The diameter of a circle is a straight line segment that passes through the center of the circle, connecting two points on the circle. It is the longest chord of the circle.

The formula to calculate the diameter of a circle is: **Diameter (d) = 2 * Radius (r)**

- The diameter is twice the length of the radius.
- The diameter divides the circle into two equal halves, known as semicircles.
- The diameter is the longest chord of the circle.

Let's consider a circle with a radius of 5 units. To find the diameter:

Diameter (d) = 2 * 5 = 10 units

1. Find the diameter of a circle with a radius of 8 cm.

**Diameter (d) = 2 * 8 = 16 cm**

2. A circle has a diameter of 12 inches. What is the radius of the circle?

**Radius (r) = Diameter (d) / 2 = 12 / 2 = 6 inches**

The diameter of a circle is a fundamental concept in geometry. It is the longest chord of the circle and is used to calculate various properties of circles and circular objects.

.Study GuideMeasurement, Perimeter, and Circumference Worksheet/Answer key

Measurement, Perimeter, and Circumference Worksheet/Answer key

Measurement, Perimeter, and Circumference Worksheet/Answer key

Measurement, Perimeter, and Circumference

Geometry (NCTM)

Use visualization, spatial reasoning, and geometric modeling to solve problems.

Use geometric models to represent and explain numerical and algebraic relationships.

Measurement (NCTM)

Apply appropriate techniques, tools, and formulas to determine measurements.

Select and apply techniques and tools to accurately find length, area, volume, and angle measures to appropriate levels of precision.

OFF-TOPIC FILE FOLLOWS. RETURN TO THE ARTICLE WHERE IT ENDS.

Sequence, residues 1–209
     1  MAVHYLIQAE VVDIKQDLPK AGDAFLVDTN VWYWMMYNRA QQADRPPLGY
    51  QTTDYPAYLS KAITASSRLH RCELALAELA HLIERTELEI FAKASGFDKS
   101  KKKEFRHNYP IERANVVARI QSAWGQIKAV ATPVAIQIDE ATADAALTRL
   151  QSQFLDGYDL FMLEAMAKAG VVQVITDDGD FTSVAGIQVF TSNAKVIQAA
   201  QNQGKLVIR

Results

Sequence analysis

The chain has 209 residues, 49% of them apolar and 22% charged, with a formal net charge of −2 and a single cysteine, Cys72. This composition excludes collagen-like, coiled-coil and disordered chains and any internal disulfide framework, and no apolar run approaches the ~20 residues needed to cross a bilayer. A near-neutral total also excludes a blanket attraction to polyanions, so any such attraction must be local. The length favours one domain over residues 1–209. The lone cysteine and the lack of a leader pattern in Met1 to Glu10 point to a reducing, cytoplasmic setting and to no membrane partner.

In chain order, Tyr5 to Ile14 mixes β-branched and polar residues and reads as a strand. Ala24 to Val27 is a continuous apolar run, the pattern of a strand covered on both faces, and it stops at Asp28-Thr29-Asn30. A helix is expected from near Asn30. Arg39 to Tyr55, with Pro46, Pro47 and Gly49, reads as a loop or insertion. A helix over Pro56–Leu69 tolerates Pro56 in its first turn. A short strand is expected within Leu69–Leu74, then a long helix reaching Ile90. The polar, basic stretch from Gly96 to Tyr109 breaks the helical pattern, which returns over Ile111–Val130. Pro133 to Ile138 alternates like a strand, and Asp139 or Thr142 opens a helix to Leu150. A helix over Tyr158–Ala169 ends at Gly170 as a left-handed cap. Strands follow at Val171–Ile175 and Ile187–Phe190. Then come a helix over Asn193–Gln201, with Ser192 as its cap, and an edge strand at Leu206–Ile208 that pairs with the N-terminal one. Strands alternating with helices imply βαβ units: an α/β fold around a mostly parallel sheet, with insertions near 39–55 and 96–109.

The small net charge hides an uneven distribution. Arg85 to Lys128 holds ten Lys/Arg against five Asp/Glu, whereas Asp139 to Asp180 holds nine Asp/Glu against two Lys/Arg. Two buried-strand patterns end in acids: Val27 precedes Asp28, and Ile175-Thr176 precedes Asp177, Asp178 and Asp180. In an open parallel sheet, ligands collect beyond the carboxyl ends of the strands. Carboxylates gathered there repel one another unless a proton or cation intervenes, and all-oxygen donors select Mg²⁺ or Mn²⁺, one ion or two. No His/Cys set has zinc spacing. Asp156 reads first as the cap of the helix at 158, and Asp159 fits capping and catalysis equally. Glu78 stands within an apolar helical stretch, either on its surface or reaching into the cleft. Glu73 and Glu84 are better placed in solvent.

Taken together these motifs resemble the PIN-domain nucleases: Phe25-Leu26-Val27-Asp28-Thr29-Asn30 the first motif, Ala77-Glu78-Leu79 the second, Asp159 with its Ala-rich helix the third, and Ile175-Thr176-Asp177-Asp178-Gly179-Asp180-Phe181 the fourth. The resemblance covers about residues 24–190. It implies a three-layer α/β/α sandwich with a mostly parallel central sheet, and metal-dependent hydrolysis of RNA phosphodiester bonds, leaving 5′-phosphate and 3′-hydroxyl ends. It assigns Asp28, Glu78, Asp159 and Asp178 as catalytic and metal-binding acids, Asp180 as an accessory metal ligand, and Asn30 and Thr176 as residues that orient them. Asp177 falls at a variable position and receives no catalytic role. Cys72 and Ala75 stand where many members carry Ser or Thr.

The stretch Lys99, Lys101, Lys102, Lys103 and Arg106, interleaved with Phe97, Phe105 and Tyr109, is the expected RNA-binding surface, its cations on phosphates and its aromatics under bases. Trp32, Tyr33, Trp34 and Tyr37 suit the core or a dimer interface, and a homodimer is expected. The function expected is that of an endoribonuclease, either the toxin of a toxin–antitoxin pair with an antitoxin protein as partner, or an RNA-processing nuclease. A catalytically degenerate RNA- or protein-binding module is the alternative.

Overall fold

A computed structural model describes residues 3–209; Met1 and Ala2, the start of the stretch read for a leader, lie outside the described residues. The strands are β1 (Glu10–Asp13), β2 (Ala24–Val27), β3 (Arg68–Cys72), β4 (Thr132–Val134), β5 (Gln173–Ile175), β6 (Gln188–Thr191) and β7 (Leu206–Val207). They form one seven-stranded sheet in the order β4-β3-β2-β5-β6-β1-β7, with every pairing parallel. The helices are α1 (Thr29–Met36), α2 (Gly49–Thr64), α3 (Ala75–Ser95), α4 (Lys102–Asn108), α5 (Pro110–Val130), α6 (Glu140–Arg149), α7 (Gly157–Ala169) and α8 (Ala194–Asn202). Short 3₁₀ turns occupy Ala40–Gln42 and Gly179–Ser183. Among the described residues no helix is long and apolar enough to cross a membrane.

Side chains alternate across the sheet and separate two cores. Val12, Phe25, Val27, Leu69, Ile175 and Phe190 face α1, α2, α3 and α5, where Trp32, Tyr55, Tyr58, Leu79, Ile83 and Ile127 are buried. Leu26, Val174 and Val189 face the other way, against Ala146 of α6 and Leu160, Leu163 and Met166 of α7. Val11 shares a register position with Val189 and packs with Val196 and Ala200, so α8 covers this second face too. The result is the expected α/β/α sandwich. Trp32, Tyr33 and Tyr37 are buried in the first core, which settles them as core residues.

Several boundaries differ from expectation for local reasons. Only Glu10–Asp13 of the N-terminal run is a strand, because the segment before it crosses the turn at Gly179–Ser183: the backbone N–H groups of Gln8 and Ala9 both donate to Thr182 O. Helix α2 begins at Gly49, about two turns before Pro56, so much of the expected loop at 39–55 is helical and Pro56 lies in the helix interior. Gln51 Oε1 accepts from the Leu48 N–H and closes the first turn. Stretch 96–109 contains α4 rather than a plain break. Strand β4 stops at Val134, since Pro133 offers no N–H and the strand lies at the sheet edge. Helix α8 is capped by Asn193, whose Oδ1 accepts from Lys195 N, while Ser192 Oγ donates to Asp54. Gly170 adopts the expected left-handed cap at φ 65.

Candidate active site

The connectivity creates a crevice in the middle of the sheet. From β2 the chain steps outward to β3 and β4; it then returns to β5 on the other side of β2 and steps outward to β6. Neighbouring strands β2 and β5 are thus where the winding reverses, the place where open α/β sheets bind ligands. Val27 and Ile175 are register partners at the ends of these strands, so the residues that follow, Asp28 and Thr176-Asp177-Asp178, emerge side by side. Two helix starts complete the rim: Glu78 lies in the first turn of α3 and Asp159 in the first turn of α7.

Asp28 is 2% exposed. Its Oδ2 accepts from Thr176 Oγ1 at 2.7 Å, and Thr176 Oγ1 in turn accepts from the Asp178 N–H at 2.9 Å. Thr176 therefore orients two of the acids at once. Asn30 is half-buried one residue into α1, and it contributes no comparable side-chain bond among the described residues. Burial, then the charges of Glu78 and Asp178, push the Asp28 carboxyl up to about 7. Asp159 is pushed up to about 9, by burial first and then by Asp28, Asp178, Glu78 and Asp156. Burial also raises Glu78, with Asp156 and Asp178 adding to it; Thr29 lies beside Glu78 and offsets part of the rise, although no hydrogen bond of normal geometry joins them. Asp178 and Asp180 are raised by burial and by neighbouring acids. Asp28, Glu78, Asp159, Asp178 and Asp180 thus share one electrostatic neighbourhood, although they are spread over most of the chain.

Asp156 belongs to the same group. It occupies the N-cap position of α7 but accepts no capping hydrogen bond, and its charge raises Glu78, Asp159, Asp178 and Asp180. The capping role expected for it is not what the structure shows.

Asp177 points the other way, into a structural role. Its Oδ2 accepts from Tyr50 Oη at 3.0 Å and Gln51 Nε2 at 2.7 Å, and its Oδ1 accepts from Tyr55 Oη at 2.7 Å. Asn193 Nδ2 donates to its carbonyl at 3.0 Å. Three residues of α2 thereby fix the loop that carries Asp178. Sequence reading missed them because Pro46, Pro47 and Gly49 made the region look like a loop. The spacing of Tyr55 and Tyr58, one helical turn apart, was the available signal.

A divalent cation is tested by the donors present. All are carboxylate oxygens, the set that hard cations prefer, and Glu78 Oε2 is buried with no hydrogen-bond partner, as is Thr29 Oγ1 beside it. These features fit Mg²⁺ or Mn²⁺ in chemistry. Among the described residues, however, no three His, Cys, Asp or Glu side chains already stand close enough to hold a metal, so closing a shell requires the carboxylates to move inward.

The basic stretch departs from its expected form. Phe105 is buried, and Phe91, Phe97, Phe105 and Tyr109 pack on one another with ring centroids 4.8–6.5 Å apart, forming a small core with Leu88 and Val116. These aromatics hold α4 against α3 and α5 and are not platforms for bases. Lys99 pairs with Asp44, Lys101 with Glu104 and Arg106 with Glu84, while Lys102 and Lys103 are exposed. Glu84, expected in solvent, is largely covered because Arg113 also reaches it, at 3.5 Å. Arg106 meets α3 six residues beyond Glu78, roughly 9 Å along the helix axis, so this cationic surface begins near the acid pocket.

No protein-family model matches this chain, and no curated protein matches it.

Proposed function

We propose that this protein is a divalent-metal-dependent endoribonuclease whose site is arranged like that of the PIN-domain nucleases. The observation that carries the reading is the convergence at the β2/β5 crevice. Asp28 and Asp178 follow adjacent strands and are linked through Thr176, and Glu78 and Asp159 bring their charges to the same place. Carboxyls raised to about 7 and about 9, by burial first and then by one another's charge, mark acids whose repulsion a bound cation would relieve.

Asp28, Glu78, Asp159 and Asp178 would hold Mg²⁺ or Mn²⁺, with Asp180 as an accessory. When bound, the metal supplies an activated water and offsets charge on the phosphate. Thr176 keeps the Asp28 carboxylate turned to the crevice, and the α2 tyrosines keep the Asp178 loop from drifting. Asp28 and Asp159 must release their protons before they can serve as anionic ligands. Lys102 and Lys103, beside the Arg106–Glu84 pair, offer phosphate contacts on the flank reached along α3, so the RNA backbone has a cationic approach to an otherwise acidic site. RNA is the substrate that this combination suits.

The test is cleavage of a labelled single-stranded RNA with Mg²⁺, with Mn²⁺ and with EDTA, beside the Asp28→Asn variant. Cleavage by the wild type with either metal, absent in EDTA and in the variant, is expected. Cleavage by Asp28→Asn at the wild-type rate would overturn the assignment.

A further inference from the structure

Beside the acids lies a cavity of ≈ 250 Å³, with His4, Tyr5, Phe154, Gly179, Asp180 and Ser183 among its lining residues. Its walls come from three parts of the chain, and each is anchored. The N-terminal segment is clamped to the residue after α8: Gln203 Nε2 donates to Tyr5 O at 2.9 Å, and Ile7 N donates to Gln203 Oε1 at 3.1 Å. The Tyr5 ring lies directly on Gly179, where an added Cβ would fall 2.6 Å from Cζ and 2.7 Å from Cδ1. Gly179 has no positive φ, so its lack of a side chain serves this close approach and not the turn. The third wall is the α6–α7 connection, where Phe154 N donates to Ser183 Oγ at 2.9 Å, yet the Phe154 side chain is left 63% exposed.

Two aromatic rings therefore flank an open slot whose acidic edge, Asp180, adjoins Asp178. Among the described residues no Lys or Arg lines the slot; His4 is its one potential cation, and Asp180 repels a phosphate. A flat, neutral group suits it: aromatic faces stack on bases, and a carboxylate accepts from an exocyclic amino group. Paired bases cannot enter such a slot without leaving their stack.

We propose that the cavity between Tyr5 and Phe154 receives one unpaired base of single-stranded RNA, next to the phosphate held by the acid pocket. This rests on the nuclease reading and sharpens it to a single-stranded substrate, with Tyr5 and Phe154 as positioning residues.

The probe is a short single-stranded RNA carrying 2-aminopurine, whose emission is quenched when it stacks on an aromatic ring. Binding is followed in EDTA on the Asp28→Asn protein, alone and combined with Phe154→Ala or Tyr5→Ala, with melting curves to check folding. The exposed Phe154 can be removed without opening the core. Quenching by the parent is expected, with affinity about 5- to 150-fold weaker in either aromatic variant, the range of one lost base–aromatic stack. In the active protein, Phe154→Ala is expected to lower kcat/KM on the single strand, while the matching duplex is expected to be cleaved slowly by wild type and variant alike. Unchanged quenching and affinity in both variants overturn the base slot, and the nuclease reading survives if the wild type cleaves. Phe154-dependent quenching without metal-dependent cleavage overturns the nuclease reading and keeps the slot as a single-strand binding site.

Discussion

Develop and use formulas to determine the circumference of circles and the area of triangles, parallelograms, trapezoids, and circles and develop strategies to find the area of more-complex shapes.

Connections to the Grade 7 Focal Points (NCTM)

Measurement and Geometry: Students connect their work on proportionality with their work on area and volume by investigating similar objects. They understand that if a scale factor describes how corresponding lengths in two similar objects are related, then the square of the scale factor describes how corresponding areas are related, and the cube of the scale factor describes how corresponding volumes are related. Students apply their work on proportionality to measurement in different contexts, including converting among different units of measurement to solve problems involving rates such as motion at a constant speed. They also apply proportionality when they work with the circumference, radius, and diameter of a circle; when they find the area of a sector of a circle; and when they make scale drawings.